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P-Notes will remain in vogue

By Vinod K Sharma
October 20, 2007 16:30 IST
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It was only last week that we had discussed the issue of Participatory Notes (PNs) under the heading "The brutal power of liquidity".

And as if we had a premonition of things to come, this is what we wrote - "The near-vertical rise in the stock prices and the FII inflows taken together indicate that days of the unencumbered use of PNs may be numbered. That is the only thing that may explain this anxiety to bring home the booty before the shutters are pulled down."

The issue of PNs has always bothered me. Around eight months ago, writing before the budget in the February 17 column, PNs were termed as the "bomb in our attic". Last week, SEBI dusted those bombs off and delivered them into our drawing rooms.

Though these are essentially only guidelines, they will get altered in the light of the suggestions received from the players concerned.

And going by the tenor of the speech made by the finance minister at a jamboree organised by a leading investment bank in New York on Thursday, substantial leeway could be granted in the final document.

These have been adequately discussed in the media, so we are not repeating the same. But I have a few points to add, which do not appear to have been discussed.

My first suggestion is that having already belled the cat, there is no need to feel apologetic about it. RBI has been long concerned on this front and SEBI has done an excellent job in terms of reducing the instances of PN use, though holes remain. And these holes may have been deliberately left open so as not to snub this segment of investors.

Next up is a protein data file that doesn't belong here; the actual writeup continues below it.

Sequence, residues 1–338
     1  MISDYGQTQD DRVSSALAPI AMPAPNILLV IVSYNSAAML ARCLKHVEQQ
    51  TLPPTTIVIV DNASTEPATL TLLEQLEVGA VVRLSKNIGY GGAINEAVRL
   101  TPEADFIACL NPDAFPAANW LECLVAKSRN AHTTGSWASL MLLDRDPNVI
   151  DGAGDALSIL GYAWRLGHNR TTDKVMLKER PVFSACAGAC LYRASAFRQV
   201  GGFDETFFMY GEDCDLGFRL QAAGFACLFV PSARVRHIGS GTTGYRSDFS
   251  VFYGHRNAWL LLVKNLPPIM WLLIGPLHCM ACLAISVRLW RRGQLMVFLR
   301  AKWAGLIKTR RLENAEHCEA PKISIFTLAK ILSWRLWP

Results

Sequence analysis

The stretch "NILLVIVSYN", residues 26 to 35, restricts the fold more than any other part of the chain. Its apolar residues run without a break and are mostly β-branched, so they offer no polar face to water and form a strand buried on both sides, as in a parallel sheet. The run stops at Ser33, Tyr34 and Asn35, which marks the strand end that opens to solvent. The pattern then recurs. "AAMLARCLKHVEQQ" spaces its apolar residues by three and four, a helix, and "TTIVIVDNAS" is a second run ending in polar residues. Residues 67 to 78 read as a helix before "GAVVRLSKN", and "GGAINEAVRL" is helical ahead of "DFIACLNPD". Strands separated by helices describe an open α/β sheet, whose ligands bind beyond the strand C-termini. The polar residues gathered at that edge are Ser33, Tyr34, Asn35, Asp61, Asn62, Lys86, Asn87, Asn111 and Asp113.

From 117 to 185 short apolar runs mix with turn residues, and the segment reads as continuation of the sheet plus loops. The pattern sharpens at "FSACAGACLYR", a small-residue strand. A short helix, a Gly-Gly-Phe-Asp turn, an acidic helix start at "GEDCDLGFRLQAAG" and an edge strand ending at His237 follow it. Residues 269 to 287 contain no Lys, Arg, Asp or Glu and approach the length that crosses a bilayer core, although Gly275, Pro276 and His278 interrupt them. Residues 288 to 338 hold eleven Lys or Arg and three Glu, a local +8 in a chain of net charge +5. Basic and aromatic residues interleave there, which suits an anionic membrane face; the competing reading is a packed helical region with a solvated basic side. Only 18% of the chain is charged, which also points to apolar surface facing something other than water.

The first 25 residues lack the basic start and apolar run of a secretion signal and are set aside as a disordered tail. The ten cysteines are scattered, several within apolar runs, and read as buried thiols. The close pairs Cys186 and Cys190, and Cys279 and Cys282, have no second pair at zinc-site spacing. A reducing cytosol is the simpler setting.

We will go digging for those holes later, but first why North Block should not backtrack: at any point of time, whenever such harsh measures have to be introduced, the markets tumble and investors suffer in a knee-jerk reaction. That has already happened. The price has been paid, not by the PN investors but by the sane Indian retail investors, who think that the government means what it says and will implement it. There is no need now to pussyfoot on the issue or sugarcoat it further.

The second observation is that despite these guidelines, the use of PNs may not substantially decline. To answer how, we will have to go back to the holes we talked about.

According to the SEBI discussion paper, there were 14 FIIs/sub accounts that had issued PNs till March 2004. This number is now 34. So there are not more than 34 FIIs or sub accounts that have issued PNs.

Essentially, the curbs would effect the business of these known entities. But there are 1,078 other registered FIIs that don't know the spelling of PN. Those hell-bent on bringing money through this route could well teach them how to do it. These FIIs who do not have exposure to the PNs yet can issue PNs at an incremental rate of 5 per cent of their non-derivative assets under custody (AUC).

There is a small hitch, however. The guideline says, "The FIIs who are currently issuing ODIs with notional value of PNs outstanding (excluding derivatives) as a percentage of their AUC in India of less than 40 per cent shall be allowed to issue further ODIs only at the incremental rate of 5 per cent of their AUC."

What does the term incremental 5 per cent mean? What is the period after which a fresh 5 per cent can be bought? Logically, it should be a year, but the final guidelines will eventually clarify.

The third suggestion that I would want to make is that the regulators should share their data with the investing fraternity as to what is the ratio of PN money in the total FII inflow. RBI tells us from time to time, on an annual basis.

But it always tells us that percentage of PNs till date. Why can't it tell us that what is the percentage of the PN money in the inflows that have come during a period? That will leave no room for any inferences to be drawn individually.

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Vinod K Sharma
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